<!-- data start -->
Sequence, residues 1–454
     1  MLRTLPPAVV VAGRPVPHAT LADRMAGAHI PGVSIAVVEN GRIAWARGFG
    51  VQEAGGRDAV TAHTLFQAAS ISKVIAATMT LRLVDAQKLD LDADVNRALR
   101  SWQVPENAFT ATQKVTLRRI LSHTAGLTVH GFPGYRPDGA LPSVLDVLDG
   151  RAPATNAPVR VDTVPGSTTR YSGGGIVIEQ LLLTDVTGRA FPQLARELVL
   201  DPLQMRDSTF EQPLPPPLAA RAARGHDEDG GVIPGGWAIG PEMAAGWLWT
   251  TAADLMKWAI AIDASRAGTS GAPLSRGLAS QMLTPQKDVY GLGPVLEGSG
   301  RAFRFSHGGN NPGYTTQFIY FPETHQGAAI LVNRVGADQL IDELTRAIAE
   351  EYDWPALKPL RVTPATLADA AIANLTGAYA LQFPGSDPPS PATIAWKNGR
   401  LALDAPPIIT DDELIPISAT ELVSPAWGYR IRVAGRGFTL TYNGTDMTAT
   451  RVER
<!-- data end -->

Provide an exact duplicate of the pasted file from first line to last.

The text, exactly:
Sequence, residues 1–454
     1  MLRTLPPAVV VAGRPVPHAT LADRMAGAHI PGVSIAVVEN GRIAWARGFG
    51  VQEAGGRDAV TAHTLFQAAS ISKVIAATMT LRLVDAQKLD LDADVNRALR
   101  SWQVPENAFT ATQKVTLRRI LSHTAGLTVH GFPGYRPDGA LPSVLDVLDG
   151  RAPATNAPVR VDTVPGSTTR YSGGGIVIEQ LLLTDVTGRA FPQLARELVL
   201  DPLQMRDSTF EQPLPPPLAA RAARGHDEDG GVIPGGWAIG PEMAAGWLWT
   251  TAADLMKWAI AIDASRAGTS GAPLSRGLAS QMLTPQKDVY GLGPVLEGSG
   301  RAFRFSHGGN NPGYTTQFIY FPETHQGAAI LVNRVGADQL IDELTRAIAE
   351  EYDWPALKPL RVTPATLADA AIANLTGAYA LQFPGSDPPS PATIAWKNGR
   401  LALDAPPIIT DDELIPISAT ELVSPAWGYR IRVAGRGFTL TYNGTDMTAT
   451  RVER